Driving

Learning to drive, driving, and using public transport

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Jim
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Re: Driving

Post by Jim »

Being dyspraxic shouldn’t prevent you from learning to drive if you want to.

Yes, it may pose some difficulties, hand-eye coordination, spatial awareness etc but remember that driving is as much to do with attitude as it is basic ability.

There are plenty of bad drivers out there who will have nor or few discernible difficulties but are not good on the road due their attitude.

Equally, there are people on the road who do have difficulties who may be perfectly good drivers because they apply good and diligent concentration to what they do.

I’m dyspraxic... and I passed my tests at first attempt and have had my full licence for 20 years now. So if you want to learn to drive then you can.
“When the moon hits your eye like a big pizza pie
That's amore” :whistle:
Xenavire
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Re: Driving

Post by Xenavire »

I'm someone that has the option to choose not to drive (Netherlands has great public transportation), so the choice was easy for me. I'm absolutely certain I could pass, almost certainly on my first attempt. But I don't believe that I would be safe behind the wheel over an extended period.

I'd rather err on the side of caution because I value my life and my health enough to not risk it, not to mention anyone I might hurt if I were to make a mistake. That's simply my choice, and I don't think every Dyspraxic person should do the same.

You should look at how you cope with other similar tasks before deciding anything. Like riding a bike, do you ever have trouble there? There are some similarities there that could be warning signs if you struggle. Just take your time and don't rush the decision. And if you do decide to try, practice as much as you can.
Xenavire
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Re: Driving

Post by Xenavire »

I can't say anything with certainty, but I imagine driving is more similar to biking than swimming, which seems like a good thing for you.

Most sports require very different things from us than riding a bike. Driving requires spatial awareness and the ability to steer, two things in common with biking. There is a lot of extra stuff to keep in mind, but the basics are the same. It should just be a matter of practice and having confidence in yourself.
Tom fod
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Re: Driving

Post by Tom fod »

Isee wrote: Tue Jan 14, 2020 3:47 am I’m writing here because there’s no really french support for dyspraxia i apologize if I’m making mistakes. so I am 16 years old, in my country you can start taking lessons to have your driver license at that age and I heard it was terrible to pass test for people having that problem. I am really stressed about it because I saw some dysprasic people that failed their test 2-3 times and it cost a lost of money and a huge amount of time. So I decided to not take it for now, normal people are excited about that in general and I really fear to fail it because I need more time to learn than others and my coordination is horrible. Can someone share their opinion?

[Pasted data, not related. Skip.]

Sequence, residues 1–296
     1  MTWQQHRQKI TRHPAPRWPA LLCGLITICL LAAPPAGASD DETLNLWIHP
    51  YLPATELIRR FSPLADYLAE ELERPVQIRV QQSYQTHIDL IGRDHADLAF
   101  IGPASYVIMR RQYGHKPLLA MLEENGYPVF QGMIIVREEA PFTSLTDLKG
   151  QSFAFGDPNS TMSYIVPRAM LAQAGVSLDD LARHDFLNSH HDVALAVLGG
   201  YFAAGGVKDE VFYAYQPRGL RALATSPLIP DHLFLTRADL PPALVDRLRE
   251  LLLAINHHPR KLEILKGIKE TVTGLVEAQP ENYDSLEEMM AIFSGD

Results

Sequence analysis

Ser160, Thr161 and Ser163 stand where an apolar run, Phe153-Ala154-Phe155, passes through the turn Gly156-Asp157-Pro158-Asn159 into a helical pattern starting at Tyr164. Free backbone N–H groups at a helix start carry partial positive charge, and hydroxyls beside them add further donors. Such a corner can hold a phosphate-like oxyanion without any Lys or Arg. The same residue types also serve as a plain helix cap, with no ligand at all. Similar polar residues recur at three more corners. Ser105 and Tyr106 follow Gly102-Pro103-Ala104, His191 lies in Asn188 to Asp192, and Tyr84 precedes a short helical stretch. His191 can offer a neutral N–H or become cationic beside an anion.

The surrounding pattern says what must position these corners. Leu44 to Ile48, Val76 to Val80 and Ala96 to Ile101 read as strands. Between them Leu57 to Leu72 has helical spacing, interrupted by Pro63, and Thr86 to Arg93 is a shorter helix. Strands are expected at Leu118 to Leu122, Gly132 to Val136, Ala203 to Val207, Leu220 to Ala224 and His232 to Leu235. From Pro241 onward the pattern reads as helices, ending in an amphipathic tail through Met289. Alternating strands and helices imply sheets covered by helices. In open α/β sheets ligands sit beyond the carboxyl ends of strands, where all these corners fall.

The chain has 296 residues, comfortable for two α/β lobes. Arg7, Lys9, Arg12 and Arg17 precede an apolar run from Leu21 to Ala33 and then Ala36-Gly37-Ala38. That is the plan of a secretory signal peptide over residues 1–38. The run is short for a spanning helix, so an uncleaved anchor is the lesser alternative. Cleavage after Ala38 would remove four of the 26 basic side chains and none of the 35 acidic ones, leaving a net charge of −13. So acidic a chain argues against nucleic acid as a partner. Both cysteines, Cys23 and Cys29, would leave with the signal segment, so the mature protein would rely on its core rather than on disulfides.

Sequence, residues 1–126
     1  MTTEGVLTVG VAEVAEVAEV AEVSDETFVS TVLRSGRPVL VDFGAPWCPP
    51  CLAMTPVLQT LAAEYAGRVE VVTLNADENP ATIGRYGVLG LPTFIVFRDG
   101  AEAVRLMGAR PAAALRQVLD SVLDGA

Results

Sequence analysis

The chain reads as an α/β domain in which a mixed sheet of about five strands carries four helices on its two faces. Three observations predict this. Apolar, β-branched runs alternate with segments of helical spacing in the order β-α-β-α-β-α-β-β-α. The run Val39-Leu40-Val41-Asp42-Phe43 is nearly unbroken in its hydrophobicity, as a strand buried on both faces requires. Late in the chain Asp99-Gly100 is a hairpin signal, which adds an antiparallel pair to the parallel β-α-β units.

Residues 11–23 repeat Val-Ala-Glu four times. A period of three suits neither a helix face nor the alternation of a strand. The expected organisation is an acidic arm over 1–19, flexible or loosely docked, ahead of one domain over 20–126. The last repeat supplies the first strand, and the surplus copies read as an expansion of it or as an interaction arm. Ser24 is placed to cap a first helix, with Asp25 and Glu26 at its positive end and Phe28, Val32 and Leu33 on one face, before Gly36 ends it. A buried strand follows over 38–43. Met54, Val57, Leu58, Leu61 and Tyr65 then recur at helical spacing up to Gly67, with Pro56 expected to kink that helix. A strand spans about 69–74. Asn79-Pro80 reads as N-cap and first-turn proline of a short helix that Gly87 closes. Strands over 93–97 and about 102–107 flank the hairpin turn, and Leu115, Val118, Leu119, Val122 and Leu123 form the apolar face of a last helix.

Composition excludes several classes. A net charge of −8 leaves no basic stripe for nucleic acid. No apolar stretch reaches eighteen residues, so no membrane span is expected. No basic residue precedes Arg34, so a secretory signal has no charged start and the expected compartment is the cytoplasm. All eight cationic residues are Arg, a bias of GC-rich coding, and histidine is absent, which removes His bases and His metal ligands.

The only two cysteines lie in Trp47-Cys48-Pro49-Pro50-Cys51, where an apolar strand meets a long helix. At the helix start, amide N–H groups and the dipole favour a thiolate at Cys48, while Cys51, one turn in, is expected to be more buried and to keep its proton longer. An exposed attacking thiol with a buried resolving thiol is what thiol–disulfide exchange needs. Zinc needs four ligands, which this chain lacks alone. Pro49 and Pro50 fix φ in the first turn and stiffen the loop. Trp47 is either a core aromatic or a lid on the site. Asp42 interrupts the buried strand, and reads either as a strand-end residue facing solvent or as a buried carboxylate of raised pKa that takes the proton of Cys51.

Bienvenue

Votre anglais est parfaitement acceptable and probably a lot better than mon Francais!

I don't know anything about French standards for driving but the following English webpages/info may be helpful

https://www.thedyspraxicdoctor.com/post ... g-to-drive

https://dyspraxiafoundation.org.uk/wp-c ... ftCopy.pdf
Tom
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With a foot full of bullets I tried to run faster but I just hobbled on to the next disaster.
(from Peter and the Test Tube Babies, Foot Full of Bullets)
Tom fod
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Re: Driving

Post by Tom fod »

Isee wrote: Fri Jan 17, 2020 1:53 am
I’m writing here because there’s no really french support for dyspraxia . . .

You're very welcome.
sorry, I'd latched on to the wording in your original post added 2 and 2 and got 5!

I've not learned or used much French since I was at school which frighteningly was nearly 30 years ago now. I did ask google to aid my translation. I think they speak a sort of French down in Louisiana too? (sorry I do quizzes and know all kinds of trivial things. I've been to France a few times and to Montreal and Quebec too (back in 2006). I could walk into a bar or shop and ask for 'une biere ou une grace' but I'd struggle to have, or follow a conversation in French.

We do/have had a few Canadians on here before and I'm aware that there just doesn't seem to be the level of knowledge or awareness over there, that we have. There's still a great deal of room for improvement of recognition and understanding in the UK and Ireland too!

Is there anyone who can take you to practise driving somewhere safe and off the public roads to help you get a feel and improve ability and confidence?
Tom
Moderator/Administrator

With a foot full of bullets I tried to run faster but I just hobbled on to the next disaster.
(from Peter and the Test Tube Babies, Foot Full of Bullets)
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